Brands can, for instance, hire supermodels who aren’t supermodels and use models of various heights, weights, and skin tones to display clothing. Deepfakes also enable incredibly personalized content that transforms users into models. For example, the technology allows for virtual fittings so that users can see how an outfit will look on them before buying it. They can also produce targeted fashion ads that change depending on the viewer, time, and weather.

The technology enables people to create digital copies of themselves and have these personal avatars travel with them through e-stores, try on a bridal gown or suit in digital form, and then virtually experience a wedding venue. Being able to quickly try on clothes online is an obvious potential use for it. Additionally, AI can offer distinctive synthetic voices that distinguish brands and products to make branding easier.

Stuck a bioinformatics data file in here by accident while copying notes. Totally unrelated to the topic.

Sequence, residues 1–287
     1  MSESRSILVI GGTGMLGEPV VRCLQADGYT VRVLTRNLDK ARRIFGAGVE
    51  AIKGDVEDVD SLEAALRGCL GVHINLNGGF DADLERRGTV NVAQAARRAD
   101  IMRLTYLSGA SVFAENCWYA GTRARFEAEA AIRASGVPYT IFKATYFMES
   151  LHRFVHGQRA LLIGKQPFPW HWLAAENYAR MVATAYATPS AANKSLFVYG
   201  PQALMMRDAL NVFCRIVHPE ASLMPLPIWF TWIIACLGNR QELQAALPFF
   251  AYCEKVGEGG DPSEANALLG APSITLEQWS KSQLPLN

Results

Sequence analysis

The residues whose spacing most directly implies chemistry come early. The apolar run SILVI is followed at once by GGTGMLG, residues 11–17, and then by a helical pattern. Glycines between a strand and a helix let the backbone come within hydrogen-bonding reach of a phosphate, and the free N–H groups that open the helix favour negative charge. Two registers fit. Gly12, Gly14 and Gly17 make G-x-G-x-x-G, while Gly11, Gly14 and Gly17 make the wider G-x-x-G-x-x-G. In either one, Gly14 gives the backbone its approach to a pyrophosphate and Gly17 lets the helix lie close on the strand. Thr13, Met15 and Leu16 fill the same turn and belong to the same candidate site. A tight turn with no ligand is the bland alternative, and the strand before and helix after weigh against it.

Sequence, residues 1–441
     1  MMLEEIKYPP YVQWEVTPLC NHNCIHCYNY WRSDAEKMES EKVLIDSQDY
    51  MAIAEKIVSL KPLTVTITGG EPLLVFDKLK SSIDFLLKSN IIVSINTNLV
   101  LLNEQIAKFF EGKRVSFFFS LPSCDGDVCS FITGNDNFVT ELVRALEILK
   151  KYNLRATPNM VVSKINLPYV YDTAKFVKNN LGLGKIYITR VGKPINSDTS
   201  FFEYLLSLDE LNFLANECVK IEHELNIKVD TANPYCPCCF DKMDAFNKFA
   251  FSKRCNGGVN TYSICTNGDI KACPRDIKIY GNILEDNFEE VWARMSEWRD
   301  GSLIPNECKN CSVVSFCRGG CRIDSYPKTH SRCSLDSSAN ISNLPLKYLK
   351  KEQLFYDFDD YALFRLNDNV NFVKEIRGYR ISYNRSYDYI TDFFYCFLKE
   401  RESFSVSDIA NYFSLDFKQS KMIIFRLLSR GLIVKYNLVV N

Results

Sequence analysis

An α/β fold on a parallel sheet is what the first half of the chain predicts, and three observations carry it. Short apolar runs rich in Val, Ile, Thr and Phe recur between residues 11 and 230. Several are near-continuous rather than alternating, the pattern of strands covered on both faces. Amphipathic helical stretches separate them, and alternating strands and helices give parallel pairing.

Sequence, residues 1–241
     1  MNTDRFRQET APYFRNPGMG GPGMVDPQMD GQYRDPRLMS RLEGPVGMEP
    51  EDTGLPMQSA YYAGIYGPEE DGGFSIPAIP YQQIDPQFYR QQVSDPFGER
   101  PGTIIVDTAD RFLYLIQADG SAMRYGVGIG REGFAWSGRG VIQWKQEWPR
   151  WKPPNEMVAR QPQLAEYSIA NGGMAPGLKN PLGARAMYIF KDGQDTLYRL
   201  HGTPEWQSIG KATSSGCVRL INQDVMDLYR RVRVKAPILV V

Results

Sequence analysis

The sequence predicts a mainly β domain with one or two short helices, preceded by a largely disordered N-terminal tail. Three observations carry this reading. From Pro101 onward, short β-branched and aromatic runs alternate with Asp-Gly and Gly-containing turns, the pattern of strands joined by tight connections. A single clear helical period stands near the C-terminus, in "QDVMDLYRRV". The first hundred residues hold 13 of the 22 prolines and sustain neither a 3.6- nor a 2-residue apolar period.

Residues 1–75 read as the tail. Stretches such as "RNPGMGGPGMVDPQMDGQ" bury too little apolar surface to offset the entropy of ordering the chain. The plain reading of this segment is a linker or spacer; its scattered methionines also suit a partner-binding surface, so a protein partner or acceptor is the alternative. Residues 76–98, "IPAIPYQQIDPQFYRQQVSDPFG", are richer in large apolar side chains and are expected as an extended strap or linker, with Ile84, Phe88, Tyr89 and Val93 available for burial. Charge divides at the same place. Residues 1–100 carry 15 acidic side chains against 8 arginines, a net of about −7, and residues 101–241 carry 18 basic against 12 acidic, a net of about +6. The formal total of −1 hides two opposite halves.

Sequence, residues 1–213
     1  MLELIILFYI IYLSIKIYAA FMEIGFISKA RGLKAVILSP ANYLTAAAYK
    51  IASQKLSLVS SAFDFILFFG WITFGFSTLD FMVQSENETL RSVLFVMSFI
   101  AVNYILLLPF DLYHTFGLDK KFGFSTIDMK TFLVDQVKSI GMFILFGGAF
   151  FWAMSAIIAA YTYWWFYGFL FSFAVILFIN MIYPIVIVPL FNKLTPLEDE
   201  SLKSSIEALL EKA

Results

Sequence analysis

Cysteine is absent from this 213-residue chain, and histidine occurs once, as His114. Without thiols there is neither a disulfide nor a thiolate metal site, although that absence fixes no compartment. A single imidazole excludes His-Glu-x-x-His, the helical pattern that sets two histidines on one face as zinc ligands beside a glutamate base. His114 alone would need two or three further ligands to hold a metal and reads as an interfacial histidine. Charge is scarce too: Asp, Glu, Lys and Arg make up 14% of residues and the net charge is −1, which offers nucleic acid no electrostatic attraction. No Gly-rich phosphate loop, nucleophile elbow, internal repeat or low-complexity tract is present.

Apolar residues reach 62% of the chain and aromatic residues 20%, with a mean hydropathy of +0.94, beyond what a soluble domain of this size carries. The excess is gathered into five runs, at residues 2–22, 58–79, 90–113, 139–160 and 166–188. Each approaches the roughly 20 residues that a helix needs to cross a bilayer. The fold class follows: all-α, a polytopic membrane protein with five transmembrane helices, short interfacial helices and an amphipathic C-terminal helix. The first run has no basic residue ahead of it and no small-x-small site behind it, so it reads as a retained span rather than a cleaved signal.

Threats of deepfakes

Deepfakes pose a severe threat to our society, political system, and economy because they put pressure on journalists trying to distinguish between real and fake news, jeopardize national security by spreading propaganda and meddling in elections, undermine public confidence in government information, and raise cybersecurity concerns for both individuals and businesses.